A lower court had ruled Stauffer lacked standing because he did not allege an actual injury to a Brooks Brothers competitor, the bow-tie market, the economy or the public, Law360 says.
Reuters says false marking suits like Stauffer’s “have become something of a cottage industry in the patent world.” Another lawyer who sought trillions of dollars in damages in a suit over an expired Solo Cup patentlost his case in June when the Federal Circuit ruled he had failed to prove the company intended to deceive the public with the false mark.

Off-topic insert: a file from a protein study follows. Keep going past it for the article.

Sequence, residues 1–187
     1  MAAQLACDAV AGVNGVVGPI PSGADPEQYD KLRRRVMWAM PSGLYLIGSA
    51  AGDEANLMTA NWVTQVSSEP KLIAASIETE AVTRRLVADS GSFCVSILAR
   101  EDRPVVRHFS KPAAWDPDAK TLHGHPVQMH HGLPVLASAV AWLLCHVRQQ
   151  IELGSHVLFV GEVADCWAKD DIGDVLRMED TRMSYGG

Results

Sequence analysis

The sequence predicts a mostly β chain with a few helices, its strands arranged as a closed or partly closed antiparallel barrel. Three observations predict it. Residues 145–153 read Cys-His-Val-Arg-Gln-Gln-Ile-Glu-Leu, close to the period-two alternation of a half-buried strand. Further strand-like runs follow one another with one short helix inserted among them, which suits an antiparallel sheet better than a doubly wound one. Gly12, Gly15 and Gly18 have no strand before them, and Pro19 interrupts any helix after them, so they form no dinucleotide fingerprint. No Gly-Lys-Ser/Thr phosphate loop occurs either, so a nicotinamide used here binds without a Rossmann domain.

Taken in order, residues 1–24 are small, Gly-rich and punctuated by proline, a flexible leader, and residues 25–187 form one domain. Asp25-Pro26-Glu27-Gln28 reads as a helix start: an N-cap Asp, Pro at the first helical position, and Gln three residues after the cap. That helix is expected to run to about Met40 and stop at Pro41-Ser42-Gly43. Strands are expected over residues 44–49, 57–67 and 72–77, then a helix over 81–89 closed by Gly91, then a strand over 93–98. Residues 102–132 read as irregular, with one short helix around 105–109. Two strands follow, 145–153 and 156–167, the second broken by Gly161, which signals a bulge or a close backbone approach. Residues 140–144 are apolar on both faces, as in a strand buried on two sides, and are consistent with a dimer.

That issue remains in Stauffer’s case. The appeals court instructed the lower court to address the merits of the case, including Brooks Brothers’ motion to dismiss claiming Stauffer failed to adequately allege an intent to deceive.
The critical element is intent, without it the ridiculous damages will never be awarded.